On November 30, 2012, the Commodity Futures Trading Commission ("CFTC") issued no-action relief for family offices within the meaning of the Investment Advisers Act of 1940, as amended (the "IA Act") from the registration requirement for commodity pool operators ("CPOs").
By way of background, when the CFTC amended Part 4 of it's regulations in February 2012 to, among other things, rescind CFTC Rule 4.13(a)(4), many family offices effectively lost their basis for claiming an exemption from the requirement to register as a CPO. A family office is, generally, an organization that is wholly-owned by clients in a family and is exclusively controlled by family members and/or entities, such as trusts, that are controlled by a family.
While CFTC Rule 4.13(a)(4) was in effect, it was commonly relied upon by family offices because it provided an exemption from CPO registration for operators of pools only offered to investors that met certain provisions of the "qualified eligible person" test under CFTC Rule 4.7 and it did not impose a limit on the amount of trading in commodity interests in which the operator may engage. Therefore, the rescission of CFTC Rule 4.13(a)(4) meant that many family offices would have had limited options for remaining in compliance with CFTC rules. Keeping in mind that the CFTC has taken the view that a single swap or other commodity interest can cause a pooled vehicle to constitute a commodity pool, a family office that owns a pooled fund that engages in a swap transaction may be a commodity pool and, to the extent that a family office sponsors the fund, the family office may be CPO required to register as such and comply with the regulatory requirements of the CFTC. Family offices were also not provided a specific exemption from the new Form CPO-PQR and Form CTA-PR reporting and data collection regime under CFTC Rule 4.27.
At the time it rescinded Rule 4.13(a)(4), the CFTC declined to provide a specific exemption from CPO registration for family offices, even though the CFTC has a history of granting no-action relief to family vehicles as not being commodity pools and such an exemption would have been in line with the efforts to harmonize the regulations of the Securities Exchange Commission ("SEC") and the CFTC.
The no-action relief issued last Friday provides such harmonization and gives family offices affirmative relief from the registration requirement so long as they meet the SEC's definition of a "family office" under Rule 202(a)(11)(G)-1 under the IA Act. In a nutshell, the SEC definition of a family office is a company that:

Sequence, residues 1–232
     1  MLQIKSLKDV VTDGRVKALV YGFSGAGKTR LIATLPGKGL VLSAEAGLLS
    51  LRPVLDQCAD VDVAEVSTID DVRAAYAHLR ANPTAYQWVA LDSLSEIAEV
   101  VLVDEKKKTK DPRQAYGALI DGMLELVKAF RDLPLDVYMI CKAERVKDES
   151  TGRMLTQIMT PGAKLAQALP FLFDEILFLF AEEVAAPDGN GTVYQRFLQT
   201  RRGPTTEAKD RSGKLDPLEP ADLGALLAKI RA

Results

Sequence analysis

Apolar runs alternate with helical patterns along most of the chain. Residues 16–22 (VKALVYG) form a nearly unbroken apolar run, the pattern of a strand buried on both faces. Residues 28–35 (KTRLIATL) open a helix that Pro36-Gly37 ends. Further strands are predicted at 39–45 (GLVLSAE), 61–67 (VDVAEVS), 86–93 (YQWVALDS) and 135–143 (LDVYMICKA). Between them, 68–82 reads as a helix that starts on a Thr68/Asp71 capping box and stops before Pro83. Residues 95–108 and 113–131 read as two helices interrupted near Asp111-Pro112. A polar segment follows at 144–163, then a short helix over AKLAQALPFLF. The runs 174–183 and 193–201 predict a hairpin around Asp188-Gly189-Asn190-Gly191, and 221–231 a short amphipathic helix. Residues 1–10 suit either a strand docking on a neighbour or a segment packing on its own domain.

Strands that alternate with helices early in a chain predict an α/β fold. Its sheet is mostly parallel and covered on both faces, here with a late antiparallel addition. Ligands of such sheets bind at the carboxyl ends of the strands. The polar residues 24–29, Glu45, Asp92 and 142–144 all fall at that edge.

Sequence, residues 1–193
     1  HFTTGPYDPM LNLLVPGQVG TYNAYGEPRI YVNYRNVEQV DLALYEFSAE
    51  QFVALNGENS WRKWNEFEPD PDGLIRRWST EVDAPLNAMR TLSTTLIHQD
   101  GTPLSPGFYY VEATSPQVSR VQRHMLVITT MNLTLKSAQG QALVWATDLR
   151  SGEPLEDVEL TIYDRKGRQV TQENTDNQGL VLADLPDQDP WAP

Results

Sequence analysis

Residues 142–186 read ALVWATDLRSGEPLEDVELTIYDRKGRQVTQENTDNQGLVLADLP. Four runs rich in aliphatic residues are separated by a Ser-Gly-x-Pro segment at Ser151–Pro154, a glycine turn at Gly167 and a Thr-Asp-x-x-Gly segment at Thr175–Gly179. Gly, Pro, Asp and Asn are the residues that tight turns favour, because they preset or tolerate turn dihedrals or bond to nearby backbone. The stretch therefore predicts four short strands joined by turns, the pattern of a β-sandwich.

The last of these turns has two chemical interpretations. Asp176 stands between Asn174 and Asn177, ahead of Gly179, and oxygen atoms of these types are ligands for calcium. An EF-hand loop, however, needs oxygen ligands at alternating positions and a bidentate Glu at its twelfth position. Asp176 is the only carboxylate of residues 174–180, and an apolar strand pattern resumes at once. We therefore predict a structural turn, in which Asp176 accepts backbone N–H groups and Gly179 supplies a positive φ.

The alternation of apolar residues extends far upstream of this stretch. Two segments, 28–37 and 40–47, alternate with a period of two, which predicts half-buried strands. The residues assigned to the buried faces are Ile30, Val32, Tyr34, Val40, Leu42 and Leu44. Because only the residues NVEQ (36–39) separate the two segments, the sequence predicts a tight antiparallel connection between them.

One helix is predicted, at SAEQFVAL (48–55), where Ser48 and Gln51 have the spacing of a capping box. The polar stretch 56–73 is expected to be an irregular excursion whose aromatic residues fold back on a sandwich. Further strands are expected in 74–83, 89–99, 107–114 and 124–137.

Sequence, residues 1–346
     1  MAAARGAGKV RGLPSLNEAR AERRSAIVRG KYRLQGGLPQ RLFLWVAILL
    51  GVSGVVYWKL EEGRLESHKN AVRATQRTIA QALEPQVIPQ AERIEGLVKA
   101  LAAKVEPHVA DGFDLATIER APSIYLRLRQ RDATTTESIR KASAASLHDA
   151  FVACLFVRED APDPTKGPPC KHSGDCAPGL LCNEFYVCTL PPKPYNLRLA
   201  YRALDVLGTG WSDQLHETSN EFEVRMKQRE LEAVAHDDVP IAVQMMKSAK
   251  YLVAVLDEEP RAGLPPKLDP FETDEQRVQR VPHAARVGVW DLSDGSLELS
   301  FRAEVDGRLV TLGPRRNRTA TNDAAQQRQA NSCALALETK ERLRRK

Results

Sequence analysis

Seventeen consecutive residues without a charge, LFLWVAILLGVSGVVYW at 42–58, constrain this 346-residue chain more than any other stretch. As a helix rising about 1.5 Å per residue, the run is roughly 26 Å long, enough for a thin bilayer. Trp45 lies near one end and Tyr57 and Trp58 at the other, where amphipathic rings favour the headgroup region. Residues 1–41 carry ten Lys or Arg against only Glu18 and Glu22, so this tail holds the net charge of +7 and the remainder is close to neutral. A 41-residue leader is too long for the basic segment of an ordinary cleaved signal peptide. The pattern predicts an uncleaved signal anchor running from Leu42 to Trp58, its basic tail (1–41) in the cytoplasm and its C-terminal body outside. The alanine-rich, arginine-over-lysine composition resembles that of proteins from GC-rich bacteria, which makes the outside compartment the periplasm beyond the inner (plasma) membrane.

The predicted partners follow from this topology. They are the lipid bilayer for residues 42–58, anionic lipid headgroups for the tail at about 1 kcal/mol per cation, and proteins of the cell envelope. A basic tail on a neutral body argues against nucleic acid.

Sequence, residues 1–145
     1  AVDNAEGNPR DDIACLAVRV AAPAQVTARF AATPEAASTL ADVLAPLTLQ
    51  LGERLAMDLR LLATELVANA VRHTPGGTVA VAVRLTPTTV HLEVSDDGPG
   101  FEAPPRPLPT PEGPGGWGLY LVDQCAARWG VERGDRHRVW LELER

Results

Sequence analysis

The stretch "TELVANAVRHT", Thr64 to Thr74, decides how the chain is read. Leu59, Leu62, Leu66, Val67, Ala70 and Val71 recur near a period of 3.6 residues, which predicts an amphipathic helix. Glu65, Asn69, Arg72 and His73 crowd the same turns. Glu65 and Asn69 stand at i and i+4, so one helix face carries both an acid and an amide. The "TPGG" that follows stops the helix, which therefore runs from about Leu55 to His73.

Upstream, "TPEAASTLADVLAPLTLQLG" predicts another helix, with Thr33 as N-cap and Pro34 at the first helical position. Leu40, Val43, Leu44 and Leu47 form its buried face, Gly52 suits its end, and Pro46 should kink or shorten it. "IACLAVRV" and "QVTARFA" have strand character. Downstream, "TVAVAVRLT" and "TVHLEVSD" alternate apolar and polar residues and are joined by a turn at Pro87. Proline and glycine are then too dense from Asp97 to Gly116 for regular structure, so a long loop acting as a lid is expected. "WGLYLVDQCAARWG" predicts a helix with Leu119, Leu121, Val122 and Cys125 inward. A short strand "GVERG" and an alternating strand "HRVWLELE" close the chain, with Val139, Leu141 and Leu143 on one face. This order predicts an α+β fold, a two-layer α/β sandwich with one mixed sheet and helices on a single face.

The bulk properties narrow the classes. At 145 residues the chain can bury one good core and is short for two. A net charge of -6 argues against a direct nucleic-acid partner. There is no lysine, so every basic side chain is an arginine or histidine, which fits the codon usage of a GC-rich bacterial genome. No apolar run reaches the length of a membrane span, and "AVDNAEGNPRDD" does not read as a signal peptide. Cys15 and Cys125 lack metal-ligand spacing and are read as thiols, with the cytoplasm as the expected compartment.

- has no clients other than family clients;
- is wholly owned by family clients and is exclusively controlled (directly or indirectly) by one or more family members and/or family entities; and
- does not hold itself out to the public as an investment adviser (although not specified in the CFTC's no-action letter, presumably the family office also may not hold itself out to the public as a CPO).
In order to claim the no-action relief, a family office CPO must take the affirmative step to file a claim with the CFTC's Division of Swap Dealer and Intermediary Oversight ("DSIO"), and such a claim will be effective upon filing. The claim must: (a) state the name, main business address, and main business telephone number of the CPO claiming the relief; (b) state the capacity (i.e., CPO) and, where applicable, the name of the pool(s), for which the claim is being filed; (c) be electronically signed by the CPO; and (d) be filed with the DSIO using the email address email@example.com with the subject line of such email as "Family Office" prior to December 31, 2012 (for a family office in operation as of December 1, 2012) or, for a family office that begins to operate after December 1, 2012, within 30 days after it begins to operate as a family office. The family office no-action letter may be accessed here.
As for other recent developments, on November 29th the CFTC issued a time-limited no-action letter providing relief from the CPO registration requirement for operators of funds of funds. A fund of funds is a vehicle that holds an interest in a separately managed vehicle that incurs pass-though exposure to commodity interests held by that vehicle. Funds of funds have historically relied upon the de minimis trading thresholds provided in CFTC Regulation 4.5 or 4.13(a)(iii) for an exemption from the CPO registration requirement, along with the guidance provided in Appendix A to Part 4 of the CFTC's regulations on making the calculations with respect to the de minimis threshold. Since Appendix A was rescinded, the CFTC informally indicated that Appendix A may continue to be relied upon until revised guidance was issued. The no-action letter is the CFTC's formal indication that funds of funds may continue to rely on the guidance in the rescinded Appendix A until the later of June 30, 2013, or six months from the date the CFTC issues revised guidance on the methods for calculating the de minimis thresholds under CFTC Regulations 4.5 and 4.13(a)(3). Without this relief, fund of funds operators would have had to register with the CFTC by December 31, 2012. In order to claim this relief, a fund of funds must comply with the eligibility requirements stated in the no-action letter and must file a claim with the DSIO. The fund of funds no-action letter may be accessed here.
Finally, the U.S. Treasury Department issued a final determination, effective on November 20, 2012, that FX swaps and FX forwards are not regulated as swaps under the Commodity Exchange Act and are not subject to the clearing and exchange-trading requirements of the Dodd-Frank Act, although they do remain subject to the Dodd-Frank Act's reporting requirements. For more detail, please see our client briefing.